The way we were: mean and meaner still

One practical way to think about how generous we are as a nation to the world’s poor is to compare it to the cost of a cup of coffee (says something about our changes as a nation that the comparison is no longer with a beer or a tea). With the continuing slashing of the aid budget, Australians now give, through their government, $2.94 per week. My coffee costs $4.50 at the local café. So on average, we are down to two-thirds a cup of coffee a week in our support for the world’s poor. This is down from $3.25 last year, and from the one cup of coffee a week peak of $4.67 in 2012-13.

We have returned to below the levels of the 1970s and 1980s, even though we are now on average much richer. As noted elsewhere, in comparisons to other countries, we have moved below the average of other rich countries when it comes to generosity. And going forward, even with an aid budget growing in line with inflation, population growth means we will become meaner. Of course charity (or love) begins at home, but it does not end there. We can no longer think of ourselves as a generous nation – we are mean and becoming meaner still. I could give up a cup of coffee a week. How can we convince others that it is in our moral and national interests to do so?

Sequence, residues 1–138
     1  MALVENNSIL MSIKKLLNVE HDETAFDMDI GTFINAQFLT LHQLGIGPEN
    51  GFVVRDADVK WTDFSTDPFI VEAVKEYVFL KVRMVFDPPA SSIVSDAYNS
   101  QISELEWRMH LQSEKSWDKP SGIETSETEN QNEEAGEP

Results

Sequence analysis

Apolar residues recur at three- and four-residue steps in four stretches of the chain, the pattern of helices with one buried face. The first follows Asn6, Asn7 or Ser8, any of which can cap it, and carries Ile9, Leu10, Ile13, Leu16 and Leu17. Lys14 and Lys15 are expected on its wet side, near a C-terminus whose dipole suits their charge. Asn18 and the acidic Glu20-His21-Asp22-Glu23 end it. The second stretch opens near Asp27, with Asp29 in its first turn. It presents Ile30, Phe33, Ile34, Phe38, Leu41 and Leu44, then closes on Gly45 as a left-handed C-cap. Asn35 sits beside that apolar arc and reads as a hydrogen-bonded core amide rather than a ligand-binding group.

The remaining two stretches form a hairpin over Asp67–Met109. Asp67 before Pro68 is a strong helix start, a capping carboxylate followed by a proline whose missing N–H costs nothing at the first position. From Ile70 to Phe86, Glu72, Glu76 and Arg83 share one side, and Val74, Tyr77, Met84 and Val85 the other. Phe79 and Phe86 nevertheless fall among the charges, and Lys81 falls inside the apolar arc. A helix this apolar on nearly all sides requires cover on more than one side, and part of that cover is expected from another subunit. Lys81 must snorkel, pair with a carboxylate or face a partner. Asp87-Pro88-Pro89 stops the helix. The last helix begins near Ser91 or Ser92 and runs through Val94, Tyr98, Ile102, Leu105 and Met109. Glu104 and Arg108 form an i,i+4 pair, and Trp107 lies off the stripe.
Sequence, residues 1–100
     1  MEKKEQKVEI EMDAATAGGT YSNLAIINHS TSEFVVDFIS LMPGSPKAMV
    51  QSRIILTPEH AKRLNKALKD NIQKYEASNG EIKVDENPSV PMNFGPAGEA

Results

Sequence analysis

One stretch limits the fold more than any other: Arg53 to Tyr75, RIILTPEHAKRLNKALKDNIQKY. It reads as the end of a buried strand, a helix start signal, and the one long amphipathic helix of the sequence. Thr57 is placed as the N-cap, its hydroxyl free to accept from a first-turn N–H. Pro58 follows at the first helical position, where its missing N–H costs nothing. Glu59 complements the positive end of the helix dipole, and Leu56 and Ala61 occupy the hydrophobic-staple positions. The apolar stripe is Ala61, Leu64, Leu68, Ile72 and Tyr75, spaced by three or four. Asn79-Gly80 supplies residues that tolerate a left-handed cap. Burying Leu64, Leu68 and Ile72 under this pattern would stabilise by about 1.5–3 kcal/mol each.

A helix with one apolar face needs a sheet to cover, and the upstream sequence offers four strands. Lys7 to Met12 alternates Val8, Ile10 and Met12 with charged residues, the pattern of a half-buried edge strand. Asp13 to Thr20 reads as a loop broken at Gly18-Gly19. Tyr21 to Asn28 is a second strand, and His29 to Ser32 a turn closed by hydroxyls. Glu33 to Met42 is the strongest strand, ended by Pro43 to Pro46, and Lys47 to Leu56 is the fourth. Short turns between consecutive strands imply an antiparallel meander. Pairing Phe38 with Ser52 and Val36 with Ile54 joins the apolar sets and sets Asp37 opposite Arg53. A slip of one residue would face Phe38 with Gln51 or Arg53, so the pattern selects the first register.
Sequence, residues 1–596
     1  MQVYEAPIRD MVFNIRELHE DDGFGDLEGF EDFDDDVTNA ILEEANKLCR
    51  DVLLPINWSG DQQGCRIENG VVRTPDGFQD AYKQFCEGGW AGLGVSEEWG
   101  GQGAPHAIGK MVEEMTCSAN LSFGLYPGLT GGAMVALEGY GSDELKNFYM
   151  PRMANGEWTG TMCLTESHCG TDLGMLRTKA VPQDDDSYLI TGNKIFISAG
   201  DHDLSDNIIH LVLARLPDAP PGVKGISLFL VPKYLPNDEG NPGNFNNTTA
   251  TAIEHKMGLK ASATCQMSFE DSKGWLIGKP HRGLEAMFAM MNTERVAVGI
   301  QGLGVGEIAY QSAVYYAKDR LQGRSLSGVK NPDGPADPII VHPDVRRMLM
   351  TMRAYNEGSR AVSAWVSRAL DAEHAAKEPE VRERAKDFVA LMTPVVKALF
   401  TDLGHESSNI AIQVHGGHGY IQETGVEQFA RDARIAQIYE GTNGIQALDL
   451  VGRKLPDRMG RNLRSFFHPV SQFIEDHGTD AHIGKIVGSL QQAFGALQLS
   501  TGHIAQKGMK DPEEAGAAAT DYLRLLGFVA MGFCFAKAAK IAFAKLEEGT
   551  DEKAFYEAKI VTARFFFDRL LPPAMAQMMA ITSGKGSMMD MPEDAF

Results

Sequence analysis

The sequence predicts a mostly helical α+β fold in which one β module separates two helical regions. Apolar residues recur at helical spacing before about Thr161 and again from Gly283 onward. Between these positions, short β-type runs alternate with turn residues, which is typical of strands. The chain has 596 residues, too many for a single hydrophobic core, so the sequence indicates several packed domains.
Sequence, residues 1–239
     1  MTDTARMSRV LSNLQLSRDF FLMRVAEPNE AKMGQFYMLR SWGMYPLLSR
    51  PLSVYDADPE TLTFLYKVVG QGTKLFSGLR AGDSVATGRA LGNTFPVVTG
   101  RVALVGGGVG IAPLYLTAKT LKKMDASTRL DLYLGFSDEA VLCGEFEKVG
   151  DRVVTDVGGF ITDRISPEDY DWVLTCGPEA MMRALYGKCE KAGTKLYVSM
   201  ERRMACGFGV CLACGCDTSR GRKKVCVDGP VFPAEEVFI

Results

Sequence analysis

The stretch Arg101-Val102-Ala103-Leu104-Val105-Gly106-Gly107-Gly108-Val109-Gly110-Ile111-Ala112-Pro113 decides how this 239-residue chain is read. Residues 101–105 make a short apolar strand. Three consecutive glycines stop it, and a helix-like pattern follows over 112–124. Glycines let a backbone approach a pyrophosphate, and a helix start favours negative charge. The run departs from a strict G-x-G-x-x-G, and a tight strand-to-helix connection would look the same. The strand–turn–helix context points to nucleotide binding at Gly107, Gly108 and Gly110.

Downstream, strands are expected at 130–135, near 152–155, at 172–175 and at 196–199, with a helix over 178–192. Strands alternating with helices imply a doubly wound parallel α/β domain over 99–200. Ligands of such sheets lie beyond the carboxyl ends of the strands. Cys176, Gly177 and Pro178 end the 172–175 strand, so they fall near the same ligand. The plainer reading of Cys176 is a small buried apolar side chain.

Development cooperation (Australian dollars per person per week)

Development cooperation (A$ per person per week)

Paul Flanagan

Paul Flanagan has a longstanding interest in public policy issues in Australia, PNG and more broadly. His thirty-five-year public service career was evenly shared between Treasury/Finance and AusAID. He headed up Treasury’s International Finance and Development Division from 2008-2011 before being seconded to a senior advisor position in the PNG Treasury until August 2013. He is Director of Indo-Pacific Public Policy and Economics, a leading commentator on economic developments in PNG, and a frequent contributor to the Devpolicy Blog.

1 Comment

  • Hi Paul, it would be interesting to see the movement of aid dollars per person per week over average income per week over time.

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